There’s a reason Pope Francis has condemned “free trade” pacts like the Trans-Pacific Partnership.
Pope Francis waxed radical on several big issues in his speech to Congress last September. He condemned the arms trade, called for climate action, and challenged lawmakers to protect the most vulnerable among us.
It was wonderful. But for some reason, there was one looming issue Francis chose not to confront: the Obama administration’s corporate-friendly trade agenda.
I wish he had.
Just weeks after the pope’s historic visit, the United States and 11 other countries announced an “agreement in principle” on the Trans-Pacific Partnership, or TPP — a huge “free trade” pact that could undermine crucial labor and environmental protections in countries making up 40 percent of the world’s economy.
The Vatican’s thinking on the matter is no secret.
When the pope visited Bolivia in July, he delivered an unmistakable invective against economic policies that exploit the world’s poor. “Neocolonialism,” Francis said, “takes on different faces” — including “some treaties named as ‘free trade.’”
Other Vatican officials have spoken out directly against the TPP itself.
Archbishop Silvano M. Tomasi, for example, calls the TPP “asymmetric” against poor countries, since it requires them to loosen laws that protect local workers and consumers in exchange for trading with richer countries like the United States.
Doctors Without Borders and other groups have argued that the TPP will reduce poor countries’ access to life-saving medicines, weaken food safety, coddle the fossil fuel industry, and make it harder to rein in Wall Street and the rest of the global financial casino.
Yet the Obama administration still insists on calling the TPP “the most progressive trade deal in history.”
And indeed, an official summary of the agreement — the full version is still top-secret — offers up some nice-sounding commitments to shared prosperity, sustainability, and gender equality. But if you check the fine print, you’ll see that the pact only promotes “voluntary cooperative work in these areas.”
Compare that to the guaranteed perks big corporations would get, including “the basic investment protections found in other investment-related agreements.”
Those “basic protections” are exactly what make agreements like the TPP so dangerous. These measures allow corporations to sue governments for enforcing any laws — including common-sense health, safety, and environmental protections — that might affect a company’s bottom line.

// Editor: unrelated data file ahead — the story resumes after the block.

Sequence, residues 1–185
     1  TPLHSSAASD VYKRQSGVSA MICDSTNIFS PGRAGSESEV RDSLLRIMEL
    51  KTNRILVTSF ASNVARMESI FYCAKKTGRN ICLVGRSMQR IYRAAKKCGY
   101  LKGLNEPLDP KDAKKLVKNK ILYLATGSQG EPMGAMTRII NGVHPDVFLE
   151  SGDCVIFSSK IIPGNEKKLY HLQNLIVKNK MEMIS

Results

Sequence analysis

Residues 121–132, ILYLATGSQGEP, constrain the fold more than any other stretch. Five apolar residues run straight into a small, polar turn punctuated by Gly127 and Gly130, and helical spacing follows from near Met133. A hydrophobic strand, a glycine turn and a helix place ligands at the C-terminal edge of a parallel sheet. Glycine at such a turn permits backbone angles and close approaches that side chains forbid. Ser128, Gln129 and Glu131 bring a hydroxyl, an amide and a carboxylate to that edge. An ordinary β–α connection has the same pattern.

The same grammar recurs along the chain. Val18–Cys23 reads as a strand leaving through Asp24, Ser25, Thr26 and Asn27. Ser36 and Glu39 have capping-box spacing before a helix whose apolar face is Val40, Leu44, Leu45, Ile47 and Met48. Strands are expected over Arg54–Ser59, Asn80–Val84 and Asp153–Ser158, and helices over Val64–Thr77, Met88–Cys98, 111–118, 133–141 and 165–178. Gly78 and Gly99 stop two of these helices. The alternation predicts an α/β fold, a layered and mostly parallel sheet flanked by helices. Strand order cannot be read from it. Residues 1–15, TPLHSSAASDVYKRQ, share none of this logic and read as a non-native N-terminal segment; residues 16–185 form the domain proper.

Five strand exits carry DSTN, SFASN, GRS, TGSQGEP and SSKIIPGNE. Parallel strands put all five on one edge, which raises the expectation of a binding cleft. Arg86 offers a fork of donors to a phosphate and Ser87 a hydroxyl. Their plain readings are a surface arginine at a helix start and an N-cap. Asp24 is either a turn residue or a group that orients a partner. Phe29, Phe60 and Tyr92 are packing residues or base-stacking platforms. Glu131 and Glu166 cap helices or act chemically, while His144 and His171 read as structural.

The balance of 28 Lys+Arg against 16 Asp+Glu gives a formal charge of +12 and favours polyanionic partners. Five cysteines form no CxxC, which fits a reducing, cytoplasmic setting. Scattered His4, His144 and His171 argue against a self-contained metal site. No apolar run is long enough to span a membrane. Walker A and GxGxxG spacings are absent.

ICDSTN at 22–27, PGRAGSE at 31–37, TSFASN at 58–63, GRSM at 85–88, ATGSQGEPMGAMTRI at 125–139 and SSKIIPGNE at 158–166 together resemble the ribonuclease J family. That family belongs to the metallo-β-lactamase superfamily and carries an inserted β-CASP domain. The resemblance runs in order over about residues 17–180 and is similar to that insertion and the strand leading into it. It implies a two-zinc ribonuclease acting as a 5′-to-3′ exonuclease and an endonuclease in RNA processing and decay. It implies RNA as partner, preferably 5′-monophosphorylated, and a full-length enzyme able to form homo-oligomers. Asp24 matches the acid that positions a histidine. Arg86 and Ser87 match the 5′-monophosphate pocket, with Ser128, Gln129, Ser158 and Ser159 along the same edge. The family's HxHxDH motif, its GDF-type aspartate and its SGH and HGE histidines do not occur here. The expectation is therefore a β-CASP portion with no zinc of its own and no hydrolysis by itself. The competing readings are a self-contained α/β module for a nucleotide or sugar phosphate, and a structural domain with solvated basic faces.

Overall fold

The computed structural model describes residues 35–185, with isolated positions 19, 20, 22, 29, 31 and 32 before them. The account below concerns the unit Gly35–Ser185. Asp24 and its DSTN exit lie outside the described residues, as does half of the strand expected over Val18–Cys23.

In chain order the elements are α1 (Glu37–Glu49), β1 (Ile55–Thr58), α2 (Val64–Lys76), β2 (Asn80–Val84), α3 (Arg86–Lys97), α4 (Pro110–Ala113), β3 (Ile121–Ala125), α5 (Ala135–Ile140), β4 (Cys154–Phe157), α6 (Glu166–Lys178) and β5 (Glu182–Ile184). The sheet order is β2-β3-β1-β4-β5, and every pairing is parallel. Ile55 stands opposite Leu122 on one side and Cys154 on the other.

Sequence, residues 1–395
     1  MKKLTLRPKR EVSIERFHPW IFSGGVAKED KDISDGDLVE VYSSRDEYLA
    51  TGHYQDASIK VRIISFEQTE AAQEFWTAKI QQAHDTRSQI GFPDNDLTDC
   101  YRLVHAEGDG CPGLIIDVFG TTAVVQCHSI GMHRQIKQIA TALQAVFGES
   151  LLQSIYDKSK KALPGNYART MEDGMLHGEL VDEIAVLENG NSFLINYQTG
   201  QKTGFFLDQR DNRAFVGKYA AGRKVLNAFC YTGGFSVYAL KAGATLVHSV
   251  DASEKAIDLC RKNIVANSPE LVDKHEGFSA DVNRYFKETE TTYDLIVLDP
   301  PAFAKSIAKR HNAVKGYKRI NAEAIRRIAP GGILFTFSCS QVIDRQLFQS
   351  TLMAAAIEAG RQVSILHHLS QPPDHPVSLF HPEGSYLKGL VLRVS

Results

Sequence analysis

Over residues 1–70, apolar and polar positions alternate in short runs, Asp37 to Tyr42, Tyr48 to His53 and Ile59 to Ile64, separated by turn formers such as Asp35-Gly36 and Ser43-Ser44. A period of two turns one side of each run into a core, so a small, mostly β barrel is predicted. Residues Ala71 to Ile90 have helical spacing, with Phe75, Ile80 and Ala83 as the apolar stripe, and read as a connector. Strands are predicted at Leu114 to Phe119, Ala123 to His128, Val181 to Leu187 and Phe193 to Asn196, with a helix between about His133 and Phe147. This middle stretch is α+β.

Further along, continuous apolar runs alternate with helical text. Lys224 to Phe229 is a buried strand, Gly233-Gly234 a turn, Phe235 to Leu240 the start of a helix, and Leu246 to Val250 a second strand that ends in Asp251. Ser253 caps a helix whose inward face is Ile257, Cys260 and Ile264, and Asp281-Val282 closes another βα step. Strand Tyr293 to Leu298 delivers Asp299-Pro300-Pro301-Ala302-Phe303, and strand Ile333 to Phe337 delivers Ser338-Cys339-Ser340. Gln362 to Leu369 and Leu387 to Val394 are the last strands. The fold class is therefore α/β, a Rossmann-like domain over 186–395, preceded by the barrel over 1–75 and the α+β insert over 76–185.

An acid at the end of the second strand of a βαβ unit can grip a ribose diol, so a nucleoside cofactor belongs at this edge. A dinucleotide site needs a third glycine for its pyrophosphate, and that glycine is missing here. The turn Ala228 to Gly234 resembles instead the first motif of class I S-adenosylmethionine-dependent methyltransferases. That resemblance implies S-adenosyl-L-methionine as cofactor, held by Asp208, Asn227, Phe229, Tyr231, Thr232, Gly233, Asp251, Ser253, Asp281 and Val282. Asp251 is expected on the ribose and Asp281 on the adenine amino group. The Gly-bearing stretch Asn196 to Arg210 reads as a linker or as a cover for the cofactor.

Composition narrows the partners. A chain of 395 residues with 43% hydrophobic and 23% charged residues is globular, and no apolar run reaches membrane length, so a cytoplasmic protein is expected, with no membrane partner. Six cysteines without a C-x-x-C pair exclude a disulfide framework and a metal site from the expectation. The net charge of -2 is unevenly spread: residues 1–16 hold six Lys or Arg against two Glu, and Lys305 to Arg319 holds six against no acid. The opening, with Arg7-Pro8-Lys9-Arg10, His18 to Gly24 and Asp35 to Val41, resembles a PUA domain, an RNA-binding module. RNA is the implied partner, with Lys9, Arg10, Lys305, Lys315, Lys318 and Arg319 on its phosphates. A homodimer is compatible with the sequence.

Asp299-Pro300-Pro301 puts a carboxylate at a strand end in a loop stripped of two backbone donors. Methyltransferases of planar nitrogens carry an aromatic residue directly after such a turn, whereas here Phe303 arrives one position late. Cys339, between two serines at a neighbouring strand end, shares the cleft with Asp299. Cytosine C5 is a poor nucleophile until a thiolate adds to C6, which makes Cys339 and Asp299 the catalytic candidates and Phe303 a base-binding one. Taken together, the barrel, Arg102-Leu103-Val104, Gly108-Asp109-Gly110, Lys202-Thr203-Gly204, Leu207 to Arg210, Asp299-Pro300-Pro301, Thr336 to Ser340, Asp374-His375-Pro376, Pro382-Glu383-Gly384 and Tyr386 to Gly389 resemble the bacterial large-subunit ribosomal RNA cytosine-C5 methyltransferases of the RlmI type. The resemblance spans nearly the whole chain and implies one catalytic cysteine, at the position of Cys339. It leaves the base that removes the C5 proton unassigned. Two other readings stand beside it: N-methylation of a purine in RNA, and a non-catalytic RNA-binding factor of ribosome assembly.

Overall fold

Take the El Salvador case that’s been in the World Bank court’s dock for six years. Under terms set by the Bush administration’s “free-trade” agreement with Central American countries, the multinational Pacific Rim-Oceana Gold company tried to sue the small country for some $300 million.
Why? Because El Salvador banned poisonous gold mining along a river that supplies over half of its drinking water. Pacific Rim essentially argued that investment rules favored its right to mine over Salvadorans’ right to clean water.
Under NAFTA rules, meanwhile, Canada is being sued for revoking fracking permits and making medications like anti-depressants more widely available. And Mexico has paid out over $200 million worth of penalties to rich corporations like Cargill.
Farther south, tobacco giant Philip Morris is suing Uruguay for $25 million, claiming that the health warnings the country requires on cigarette packs violate a similar investment treaty.
No wonder, as Francis warned in Bolivia, “transnational companies are becoming stronger to the point that local economies are subordinated,” leaving smaller countries “powerless to carry out development projects in the service of their populations.”
The TPP would make this common practice for nearly half the globe. That’s why it must be stopped.
The pope knows it. Politicians from Bernie Sanders to Donald Trump know it. Even Hillary Clinton, who once called the TPP “the gold standard in trade agreements,” says she knows it now, too.
It’s a pity the pope didn’t try to talk some sense into U.S. lawmakers about trade deals. But it’s not too late for him and others to make the moral case against the Trans-Pacific Partnership.
Manuel Pérez-Rocha is an associate fellow of the Institute for Policy Studies. An earlier version of this op-ed appeared at www.FPIF.org. Distributed by www.OtherWords.org.